Net Promoter® Score (NPS®) is such a popular yet misunderstood topic that I tend to write a post about it every year. Even though my advice hasn’t changed much since I wrote “Net Promoter and Satisfaction Battle for King of the Ring” over 13 years ago, companies continue to be overly enamored by the potential for a quick fix from this metric, which was originally introduced as The Ultimate Question. Let me make a clear point: NPS is not a quick fix, nor is it the ultimate question.


Four Stages of NPS Progression

While many organizations use NPS, they’re only successful when it’s deployed as part of an overall system that’s focused on driving action. To get a sense of the different deployment approaches, I’ve defined these four stages of NPS which are prototypical of what I’ve seen across the many companies that I’ve worked with:

  1. Survey & Report. Buying into some of the simplistic hype about NPS, organizations often start asking the NPS question without making any significant changes to their operational processes. They report the score, start setting targets, and spend a lot of time debating the data and being confused about why the number is moving up or down. They sometimes get so excited about the metric that they inappropriately use it as a measurement for many of their customer interactions. If organizations stay in this stage, their NPS programs either fail or continue to operate with little impact.
  2. Ask & Respond. As organizations get a feel for NPS, they will often develop a closed-loop process of following up with respondents. It generally starts with reaching out to detractors, but more mature efforts include promoters and passives as well. This pushes the team to incorporate some operational data in order to better understand the people they’re contacting and to improve their issue tracking and escalation processes. When done well, closing the loop provides a natural flow of customer insights that drives organic improvements and even some culture change. 
  3. Listen & Improve. Organizations that continue on the NPS path build the capability to understand what drives people to become promoters and detractors. This requires a cohesive connection between NPS and other elements of experience data, from customer interactions and journeys. They also increasingly incorporate operational data to better understand the specific drivers for individual customer segments. In the best cases, this effort is connected to a strong continuous improvement program.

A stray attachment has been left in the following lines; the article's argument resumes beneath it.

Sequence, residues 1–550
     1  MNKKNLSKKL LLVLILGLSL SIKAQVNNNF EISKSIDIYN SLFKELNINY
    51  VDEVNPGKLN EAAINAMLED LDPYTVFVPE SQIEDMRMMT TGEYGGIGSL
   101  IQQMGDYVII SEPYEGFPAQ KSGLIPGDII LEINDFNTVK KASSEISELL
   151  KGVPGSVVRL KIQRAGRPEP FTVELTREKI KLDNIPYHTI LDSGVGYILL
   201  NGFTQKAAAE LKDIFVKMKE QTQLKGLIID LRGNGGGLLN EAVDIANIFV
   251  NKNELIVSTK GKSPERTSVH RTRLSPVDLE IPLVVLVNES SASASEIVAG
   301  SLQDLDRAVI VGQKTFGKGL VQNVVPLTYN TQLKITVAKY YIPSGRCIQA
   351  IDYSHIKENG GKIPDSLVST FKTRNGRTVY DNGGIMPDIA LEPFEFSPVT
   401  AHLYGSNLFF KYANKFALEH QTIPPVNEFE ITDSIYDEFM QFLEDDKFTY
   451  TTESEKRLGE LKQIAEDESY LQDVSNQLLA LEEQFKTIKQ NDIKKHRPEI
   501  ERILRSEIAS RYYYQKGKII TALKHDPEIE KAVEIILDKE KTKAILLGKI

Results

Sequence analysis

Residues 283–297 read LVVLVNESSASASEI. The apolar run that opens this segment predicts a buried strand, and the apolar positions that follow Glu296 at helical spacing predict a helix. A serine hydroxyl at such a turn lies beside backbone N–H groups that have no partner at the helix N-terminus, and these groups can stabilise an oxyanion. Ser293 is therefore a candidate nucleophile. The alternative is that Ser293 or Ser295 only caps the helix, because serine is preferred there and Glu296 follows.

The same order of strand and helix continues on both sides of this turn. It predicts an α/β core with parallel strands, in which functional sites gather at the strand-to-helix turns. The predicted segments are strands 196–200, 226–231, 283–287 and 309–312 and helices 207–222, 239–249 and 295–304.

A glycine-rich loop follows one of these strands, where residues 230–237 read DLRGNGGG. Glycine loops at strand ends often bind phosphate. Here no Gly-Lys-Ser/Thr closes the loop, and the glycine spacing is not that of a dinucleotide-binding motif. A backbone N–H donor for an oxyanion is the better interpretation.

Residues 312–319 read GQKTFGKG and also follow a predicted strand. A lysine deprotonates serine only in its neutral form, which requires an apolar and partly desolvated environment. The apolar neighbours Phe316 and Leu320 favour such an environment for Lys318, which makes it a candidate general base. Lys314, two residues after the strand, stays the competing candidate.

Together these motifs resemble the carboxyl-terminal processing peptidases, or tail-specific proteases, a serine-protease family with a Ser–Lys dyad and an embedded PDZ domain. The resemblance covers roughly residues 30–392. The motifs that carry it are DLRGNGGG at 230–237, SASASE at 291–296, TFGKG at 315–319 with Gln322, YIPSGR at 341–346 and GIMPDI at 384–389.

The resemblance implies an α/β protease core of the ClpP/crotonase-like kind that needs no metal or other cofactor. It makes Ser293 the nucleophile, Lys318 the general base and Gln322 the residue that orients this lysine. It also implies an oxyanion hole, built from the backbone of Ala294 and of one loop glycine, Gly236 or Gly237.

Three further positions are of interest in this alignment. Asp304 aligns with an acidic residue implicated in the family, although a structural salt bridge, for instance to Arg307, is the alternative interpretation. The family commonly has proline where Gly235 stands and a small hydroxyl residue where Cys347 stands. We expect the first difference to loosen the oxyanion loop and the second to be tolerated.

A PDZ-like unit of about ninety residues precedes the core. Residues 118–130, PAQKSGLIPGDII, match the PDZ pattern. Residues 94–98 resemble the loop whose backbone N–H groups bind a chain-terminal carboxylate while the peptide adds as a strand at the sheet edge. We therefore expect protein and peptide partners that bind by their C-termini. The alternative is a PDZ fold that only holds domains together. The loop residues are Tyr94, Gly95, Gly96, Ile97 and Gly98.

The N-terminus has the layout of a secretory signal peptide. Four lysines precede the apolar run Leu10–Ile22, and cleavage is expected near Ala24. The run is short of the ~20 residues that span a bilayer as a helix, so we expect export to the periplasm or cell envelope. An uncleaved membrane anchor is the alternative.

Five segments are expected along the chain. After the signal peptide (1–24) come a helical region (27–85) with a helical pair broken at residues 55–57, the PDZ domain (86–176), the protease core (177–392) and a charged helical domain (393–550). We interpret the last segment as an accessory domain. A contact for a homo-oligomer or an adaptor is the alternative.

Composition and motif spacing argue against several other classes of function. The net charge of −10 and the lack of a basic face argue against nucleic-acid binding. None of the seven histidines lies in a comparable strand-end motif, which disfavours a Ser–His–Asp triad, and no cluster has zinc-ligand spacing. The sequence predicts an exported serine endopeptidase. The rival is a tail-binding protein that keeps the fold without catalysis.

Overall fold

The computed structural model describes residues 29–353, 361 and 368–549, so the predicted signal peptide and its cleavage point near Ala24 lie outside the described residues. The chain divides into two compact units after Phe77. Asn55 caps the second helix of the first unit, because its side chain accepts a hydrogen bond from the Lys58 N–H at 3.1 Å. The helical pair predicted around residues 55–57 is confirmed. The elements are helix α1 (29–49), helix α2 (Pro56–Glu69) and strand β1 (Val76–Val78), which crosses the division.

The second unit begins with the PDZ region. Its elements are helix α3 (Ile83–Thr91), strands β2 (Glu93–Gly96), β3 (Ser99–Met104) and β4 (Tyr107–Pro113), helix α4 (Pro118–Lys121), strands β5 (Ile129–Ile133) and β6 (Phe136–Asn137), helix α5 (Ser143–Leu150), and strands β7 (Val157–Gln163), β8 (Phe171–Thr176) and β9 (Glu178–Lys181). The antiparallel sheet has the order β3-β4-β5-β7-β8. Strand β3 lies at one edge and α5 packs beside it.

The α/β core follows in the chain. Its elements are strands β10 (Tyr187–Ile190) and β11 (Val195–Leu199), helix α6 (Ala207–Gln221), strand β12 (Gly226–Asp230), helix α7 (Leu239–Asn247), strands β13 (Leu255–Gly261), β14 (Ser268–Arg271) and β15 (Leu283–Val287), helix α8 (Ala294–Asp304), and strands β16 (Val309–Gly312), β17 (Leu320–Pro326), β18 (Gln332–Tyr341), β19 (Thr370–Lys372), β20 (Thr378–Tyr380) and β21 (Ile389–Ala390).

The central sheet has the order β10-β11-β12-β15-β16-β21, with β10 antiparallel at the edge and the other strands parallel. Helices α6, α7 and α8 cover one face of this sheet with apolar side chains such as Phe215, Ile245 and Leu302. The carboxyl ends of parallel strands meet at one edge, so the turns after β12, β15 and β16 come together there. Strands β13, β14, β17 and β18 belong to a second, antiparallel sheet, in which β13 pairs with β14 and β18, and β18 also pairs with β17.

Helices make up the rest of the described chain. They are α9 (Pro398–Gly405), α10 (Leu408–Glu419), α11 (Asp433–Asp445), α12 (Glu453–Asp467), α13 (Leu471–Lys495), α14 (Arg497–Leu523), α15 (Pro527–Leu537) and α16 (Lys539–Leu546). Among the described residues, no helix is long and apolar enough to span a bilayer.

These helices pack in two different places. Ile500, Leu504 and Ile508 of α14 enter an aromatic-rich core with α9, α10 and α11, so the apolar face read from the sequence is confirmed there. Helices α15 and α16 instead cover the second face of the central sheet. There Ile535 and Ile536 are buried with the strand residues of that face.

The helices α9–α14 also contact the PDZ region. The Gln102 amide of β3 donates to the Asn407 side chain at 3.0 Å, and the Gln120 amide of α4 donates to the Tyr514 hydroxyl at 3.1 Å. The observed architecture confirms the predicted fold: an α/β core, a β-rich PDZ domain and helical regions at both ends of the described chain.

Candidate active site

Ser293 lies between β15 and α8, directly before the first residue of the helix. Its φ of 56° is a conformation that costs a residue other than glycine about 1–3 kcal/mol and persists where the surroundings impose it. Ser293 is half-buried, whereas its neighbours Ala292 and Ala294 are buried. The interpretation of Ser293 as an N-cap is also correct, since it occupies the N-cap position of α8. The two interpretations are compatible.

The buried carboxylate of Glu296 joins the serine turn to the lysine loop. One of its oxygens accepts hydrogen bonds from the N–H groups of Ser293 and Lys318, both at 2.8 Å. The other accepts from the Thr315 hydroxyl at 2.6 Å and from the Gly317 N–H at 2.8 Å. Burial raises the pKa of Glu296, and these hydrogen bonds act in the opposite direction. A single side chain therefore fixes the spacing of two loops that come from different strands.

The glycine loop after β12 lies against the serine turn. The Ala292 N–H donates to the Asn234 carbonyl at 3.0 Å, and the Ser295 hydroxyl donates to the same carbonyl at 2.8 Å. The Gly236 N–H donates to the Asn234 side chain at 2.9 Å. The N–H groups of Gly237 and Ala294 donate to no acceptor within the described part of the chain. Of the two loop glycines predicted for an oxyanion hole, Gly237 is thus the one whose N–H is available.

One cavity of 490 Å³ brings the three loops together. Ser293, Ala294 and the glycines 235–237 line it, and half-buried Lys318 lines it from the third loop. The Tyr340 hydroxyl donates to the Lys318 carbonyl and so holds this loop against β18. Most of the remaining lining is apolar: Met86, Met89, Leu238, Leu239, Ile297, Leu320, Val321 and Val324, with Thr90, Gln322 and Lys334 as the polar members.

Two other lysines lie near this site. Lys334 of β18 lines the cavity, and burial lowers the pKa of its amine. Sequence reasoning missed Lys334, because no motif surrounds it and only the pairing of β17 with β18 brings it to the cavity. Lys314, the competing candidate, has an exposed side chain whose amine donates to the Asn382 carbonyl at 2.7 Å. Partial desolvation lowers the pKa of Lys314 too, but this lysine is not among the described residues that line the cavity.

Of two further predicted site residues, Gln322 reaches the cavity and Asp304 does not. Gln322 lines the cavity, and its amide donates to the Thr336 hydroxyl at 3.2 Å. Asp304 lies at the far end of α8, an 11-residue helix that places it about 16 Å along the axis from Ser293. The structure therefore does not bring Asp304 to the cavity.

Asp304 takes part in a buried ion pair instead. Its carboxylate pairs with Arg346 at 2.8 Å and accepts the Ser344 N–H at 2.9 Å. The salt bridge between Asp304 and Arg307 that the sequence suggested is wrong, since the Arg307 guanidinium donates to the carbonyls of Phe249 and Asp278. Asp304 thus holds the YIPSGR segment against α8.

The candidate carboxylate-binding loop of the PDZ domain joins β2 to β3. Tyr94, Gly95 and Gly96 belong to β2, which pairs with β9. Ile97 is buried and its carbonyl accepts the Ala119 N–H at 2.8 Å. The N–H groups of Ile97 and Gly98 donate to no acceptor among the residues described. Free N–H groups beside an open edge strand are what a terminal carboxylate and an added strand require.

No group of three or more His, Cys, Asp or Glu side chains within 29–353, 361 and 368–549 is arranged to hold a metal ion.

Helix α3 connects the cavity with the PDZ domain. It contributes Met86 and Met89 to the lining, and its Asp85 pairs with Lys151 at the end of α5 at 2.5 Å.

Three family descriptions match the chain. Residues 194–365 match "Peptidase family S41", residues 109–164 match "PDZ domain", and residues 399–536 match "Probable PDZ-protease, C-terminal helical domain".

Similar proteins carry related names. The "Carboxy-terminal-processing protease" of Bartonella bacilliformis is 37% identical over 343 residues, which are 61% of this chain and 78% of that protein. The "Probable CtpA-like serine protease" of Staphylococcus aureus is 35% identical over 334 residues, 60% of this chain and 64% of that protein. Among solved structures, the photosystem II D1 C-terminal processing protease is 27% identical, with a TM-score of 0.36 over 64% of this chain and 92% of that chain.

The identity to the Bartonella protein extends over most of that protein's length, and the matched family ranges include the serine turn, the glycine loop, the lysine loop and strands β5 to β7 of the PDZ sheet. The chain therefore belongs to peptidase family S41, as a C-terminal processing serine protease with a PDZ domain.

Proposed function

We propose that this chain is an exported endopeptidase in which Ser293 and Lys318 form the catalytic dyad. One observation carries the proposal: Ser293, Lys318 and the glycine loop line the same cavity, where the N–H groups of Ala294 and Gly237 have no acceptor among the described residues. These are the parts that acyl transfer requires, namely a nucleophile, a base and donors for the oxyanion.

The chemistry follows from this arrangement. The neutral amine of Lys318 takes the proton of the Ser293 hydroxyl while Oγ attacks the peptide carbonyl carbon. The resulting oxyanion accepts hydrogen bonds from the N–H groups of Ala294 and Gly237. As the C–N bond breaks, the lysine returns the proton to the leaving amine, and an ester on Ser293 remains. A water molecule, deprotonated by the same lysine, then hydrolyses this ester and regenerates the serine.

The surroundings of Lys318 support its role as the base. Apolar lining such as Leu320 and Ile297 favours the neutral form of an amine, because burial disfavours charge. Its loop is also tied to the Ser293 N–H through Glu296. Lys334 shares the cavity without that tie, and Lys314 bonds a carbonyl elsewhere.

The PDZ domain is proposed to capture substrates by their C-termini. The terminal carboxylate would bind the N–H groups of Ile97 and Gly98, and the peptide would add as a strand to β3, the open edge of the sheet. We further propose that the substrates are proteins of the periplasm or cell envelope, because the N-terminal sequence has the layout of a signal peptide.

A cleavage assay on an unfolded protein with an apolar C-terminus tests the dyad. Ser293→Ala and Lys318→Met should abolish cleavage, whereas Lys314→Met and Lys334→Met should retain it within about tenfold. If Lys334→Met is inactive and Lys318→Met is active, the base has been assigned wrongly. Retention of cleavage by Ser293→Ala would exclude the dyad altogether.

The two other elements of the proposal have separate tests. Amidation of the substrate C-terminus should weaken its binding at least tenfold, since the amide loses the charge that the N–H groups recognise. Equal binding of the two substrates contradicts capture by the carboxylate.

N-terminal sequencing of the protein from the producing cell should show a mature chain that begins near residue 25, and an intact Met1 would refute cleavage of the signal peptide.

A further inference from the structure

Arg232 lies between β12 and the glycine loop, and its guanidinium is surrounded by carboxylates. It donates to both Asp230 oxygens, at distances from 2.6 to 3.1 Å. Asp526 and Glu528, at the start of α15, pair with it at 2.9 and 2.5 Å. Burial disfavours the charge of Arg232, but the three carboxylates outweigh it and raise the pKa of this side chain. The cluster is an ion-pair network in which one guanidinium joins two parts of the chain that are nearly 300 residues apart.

4. Learn & Adapt. In this advanced stage, NPS is not an independent program but integrated as a key element of what we’ve called Modern XM. NPS is used to drive the ongoing process of discovery that uncovers leading signals of shifts across customer segments and operating units. In these types of companies, NPS-related insights are tailored to drive real-time adjustments of operational processes and are a part of most strategic decisions. Very few firms have reached this level.


Driving Action with NPS

Ultimately, the success of any NPS program is tied to the better decisions that it enables and the interactions that it improves. Without those results, NPS provides no more than a diversion with a number. How should you think about driving action with your NPS program? By mastering the XM Operating Framework, starting with a focus on these four skills associated with the RESPOND competency:

  • Immediate Response. Any successful XM effort must include the capability to systematically follow up with people who are affected by an experience – as indicated by their feedback or discovered through analytics – and fix the problems that are uncovered. To master this skill, companies should automate and manage a closed-loop process using tools such as ticket management, status updating, and tracking.
  • Continuous Improvement. Organizations need to make ongoing changes to operational processes based on a continuous flow of X- and O-data insights. This skill often includes a well-defined process for diagnosing and prioritizing potential areas of improvement depending on how they would impact experiences and business results.
  • Process Integration. In addition to making decisions based on insights, organizations should infuse those insights into key operating processes and systems. For instance, organizations should use employee feedback to tailor the curriculum and content of their leadership development program.
  • Strategic Decision-Making. An organization’s most important decisions can tap into insights from X- and O-data. Everything from new product investments to mergers and acquisitions should be informed by XM program insights.